At least 19 additional deaths have been linked to the Fisher-Price Rock’n Play Sleeper, a new Consumer Reports analysis of lawsuits, government records and interviews with parents has found. The publication says the death toll for all inclined sleepers is now up to at least 92 from 73, which was the total released in October by the U.S. Consumer Product Safety Commission (CPSC), the agency tasked with overseeing product safety. Both the CPSC and lawmakers in Congress have proposed a ban on all infant inclined sleepers that position infants at an angle between 10 and 30 degrees.
However, as this debate continues, many inclined sleepers still flood the markets, people’s homes and day care centers, putting young children in peril every day. Consumer Reports’ stellar reporting has prompted the recall of more than 5 million inclined sleepers including brands such as Fisher-Price and Kids II. Parents of children who died in inclined sleepers told Consumer Reports they were simply not aware of the problem and only learned about the dangers of these products after it was too late.
The American Academy of Pediatrics recommends that infants sleep alone, on their backs and unrestrained, on a firm, flat surface that is free of soft bedding and padded bumpers. However, inclined sleepers contradict these guidelines. They are not flat, their sidewalls and head support are made of soft bedding and they have restraint harnesses. Researchers have found that the inclined sleepers make it easier for babies to roll over onto their stomachs or sides with their faces pressed against the sleeper’s soft fabric, which suffocates them.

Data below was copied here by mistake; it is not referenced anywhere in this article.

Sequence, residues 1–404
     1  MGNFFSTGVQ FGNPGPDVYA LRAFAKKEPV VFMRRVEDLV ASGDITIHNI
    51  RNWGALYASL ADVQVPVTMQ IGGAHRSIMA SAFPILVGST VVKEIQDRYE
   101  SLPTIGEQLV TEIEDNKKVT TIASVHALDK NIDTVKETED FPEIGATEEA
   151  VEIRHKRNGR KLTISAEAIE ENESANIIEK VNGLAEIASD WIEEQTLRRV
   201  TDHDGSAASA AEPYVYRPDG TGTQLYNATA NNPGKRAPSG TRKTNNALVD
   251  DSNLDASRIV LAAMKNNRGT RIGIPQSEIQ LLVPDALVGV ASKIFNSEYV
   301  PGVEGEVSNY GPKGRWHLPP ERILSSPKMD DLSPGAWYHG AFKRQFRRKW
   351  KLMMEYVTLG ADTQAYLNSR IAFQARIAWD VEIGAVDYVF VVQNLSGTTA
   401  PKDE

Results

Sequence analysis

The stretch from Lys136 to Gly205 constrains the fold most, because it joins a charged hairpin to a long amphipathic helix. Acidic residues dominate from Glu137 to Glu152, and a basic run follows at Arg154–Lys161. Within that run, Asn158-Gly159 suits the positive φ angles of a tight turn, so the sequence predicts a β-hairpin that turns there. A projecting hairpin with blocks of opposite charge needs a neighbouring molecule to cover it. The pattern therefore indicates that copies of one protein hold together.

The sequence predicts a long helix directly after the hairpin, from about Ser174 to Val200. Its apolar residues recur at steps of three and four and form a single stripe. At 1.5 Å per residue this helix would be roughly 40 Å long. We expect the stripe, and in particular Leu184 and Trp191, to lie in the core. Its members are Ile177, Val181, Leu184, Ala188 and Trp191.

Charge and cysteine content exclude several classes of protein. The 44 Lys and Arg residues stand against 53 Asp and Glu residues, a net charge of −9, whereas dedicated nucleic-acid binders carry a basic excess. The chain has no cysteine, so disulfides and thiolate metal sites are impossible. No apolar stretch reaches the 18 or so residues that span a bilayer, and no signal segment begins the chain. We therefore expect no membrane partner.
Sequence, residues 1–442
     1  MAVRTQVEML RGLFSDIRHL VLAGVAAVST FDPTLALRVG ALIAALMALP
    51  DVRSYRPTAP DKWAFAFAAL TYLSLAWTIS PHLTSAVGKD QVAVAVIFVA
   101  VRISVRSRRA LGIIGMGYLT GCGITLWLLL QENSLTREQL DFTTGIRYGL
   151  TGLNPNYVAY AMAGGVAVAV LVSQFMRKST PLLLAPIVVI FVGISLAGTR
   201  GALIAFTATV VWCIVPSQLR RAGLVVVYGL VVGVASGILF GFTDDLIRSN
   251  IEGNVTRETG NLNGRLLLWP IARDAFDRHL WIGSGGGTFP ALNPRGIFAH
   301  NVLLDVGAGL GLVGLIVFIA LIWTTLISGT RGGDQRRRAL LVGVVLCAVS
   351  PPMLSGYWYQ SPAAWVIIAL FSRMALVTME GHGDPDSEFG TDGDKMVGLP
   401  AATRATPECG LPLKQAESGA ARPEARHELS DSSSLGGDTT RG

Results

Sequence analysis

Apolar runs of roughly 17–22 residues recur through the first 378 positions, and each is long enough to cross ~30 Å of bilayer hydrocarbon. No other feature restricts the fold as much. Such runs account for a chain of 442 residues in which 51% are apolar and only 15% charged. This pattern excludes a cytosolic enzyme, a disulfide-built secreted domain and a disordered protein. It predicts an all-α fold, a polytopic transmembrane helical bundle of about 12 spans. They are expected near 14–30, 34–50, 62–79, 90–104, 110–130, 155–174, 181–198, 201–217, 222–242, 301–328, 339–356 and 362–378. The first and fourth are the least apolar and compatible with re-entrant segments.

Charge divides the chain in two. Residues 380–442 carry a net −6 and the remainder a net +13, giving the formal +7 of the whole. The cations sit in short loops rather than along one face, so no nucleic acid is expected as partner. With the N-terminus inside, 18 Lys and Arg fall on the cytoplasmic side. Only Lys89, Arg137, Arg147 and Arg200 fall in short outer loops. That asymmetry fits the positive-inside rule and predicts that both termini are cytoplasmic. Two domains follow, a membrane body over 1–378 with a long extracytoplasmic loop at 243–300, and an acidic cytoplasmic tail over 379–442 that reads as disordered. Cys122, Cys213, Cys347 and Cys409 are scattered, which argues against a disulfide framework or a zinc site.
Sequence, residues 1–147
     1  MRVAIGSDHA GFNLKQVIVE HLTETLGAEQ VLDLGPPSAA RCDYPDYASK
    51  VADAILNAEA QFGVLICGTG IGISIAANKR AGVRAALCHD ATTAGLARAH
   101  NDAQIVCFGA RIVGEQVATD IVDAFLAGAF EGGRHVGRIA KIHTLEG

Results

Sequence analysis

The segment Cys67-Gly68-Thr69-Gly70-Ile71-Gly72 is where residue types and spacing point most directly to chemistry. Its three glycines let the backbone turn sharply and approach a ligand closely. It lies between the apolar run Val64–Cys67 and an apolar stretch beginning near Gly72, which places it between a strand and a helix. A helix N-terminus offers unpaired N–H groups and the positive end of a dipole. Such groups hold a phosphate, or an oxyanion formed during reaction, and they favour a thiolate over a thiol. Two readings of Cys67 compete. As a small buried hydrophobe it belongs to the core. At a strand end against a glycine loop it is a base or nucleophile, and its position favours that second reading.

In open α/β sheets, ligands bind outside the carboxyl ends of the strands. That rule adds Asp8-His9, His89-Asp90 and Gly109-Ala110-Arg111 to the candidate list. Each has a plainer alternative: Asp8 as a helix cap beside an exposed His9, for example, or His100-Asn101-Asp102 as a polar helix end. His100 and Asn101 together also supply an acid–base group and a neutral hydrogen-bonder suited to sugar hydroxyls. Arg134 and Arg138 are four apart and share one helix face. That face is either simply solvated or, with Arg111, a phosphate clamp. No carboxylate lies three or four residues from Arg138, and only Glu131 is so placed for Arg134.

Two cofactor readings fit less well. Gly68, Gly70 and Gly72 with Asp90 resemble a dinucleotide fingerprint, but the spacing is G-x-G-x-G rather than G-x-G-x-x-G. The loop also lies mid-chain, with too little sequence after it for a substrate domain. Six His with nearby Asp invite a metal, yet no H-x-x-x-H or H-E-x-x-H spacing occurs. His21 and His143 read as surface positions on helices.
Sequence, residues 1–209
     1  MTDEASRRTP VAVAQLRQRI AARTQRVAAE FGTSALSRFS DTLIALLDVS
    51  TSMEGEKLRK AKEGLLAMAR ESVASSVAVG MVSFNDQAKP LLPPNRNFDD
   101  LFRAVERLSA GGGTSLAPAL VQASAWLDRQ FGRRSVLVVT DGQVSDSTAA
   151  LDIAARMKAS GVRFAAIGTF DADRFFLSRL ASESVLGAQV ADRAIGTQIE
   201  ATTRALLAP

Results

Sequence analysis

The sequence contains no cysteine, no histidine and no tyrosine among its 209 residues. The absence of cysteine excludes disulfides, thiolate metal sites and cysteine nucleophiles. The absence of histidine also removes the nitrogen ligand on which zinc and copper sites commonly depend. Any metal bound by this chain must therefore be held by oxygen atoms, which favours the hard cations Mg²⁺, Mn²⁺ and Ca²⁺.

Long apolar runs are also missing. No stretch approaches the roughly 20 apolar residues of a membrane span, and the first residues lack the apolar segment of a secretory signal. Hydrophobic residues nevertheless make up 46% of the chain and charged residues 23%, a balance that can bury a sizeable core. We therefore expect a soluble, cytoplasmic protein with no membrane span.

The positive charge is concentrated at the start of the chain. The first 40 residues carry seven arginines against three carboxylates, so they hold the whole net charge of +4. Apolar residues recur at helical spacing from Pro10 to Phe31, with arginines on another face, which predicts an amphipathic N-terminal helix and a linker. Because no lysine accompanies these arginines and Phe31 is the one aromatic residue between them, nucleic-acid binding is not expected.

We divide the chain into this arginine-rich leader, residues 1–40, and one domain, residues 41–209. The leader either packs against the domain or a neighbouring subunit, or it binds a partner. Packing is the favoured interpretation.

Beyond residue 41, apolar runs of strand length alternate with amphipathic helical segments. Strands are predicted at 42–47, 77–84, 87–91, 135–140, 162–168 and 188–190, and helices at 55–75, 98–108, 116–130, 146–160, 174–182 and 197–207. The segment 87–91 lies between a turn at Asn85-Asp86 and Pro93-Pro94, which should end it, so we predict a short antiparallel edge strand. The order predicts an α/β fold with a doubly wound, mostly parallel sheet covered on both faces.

Because inclined sleepers feature seats as opposed to flat surfaces, they place babies in a flexed hip position. This could cause infants to roll over earlier than they might have been able to manage on a flat surface. This is why, experts say, many parents whose children died in an inclined sleeper after rolling over said their babies had never rolled over previously.
Parents and Caregivers Should Be Alert
Even though many of these products have now been recalled, several inclined products advertised for sleep, including naps such as Baby Delight Nestle Nook Portable Infant Lounger, which Kim Kardashian recently featured on her social media platforms, remain on the market. These products are also sold in secondhand marketplaces such as Facebook Marketplace and Craigslist. Companies such as Chicco and Graco had not yet recalled their inclined sleepers.
As product defect attorneys, we applaud Consumer Reports for taking the lead on this investigation and staying on top of it, not only triggering these recalls but also informing consumers along the way. If your child has sustained injuries as a result of these infant sleepers, please contact an experienced product defect lawyer to obtain more information about pursuing your legal rights.